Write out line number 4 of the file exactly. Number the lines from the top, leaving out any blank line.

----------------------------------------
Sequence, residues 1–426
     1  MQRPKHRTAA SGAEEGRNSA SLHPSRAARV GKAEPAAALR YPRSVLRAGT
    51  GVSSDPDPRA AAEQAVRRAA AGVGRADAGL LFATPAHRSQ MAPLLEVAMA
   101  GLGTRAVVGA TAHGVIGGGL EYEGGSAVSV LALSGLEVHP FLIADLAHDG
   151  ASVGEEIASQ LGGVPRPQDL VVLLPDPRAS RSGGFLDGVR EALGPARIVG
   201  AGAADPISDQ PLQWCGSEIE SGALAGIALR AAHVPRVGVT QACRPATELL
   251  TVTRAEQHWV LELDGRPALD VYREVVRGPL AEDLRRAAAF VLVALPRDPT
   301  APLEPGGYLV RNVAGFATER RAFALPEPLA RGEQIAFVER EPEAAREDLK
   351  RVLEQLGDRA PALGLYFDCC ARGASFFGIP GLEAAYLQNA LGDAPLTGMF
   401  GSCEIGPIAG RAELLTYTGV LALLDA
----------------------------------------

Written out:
   101  GLGTRAVVGA TAHGVIGGGL EYEGGSAVSV LALSGLEVHP FLIADLAHDG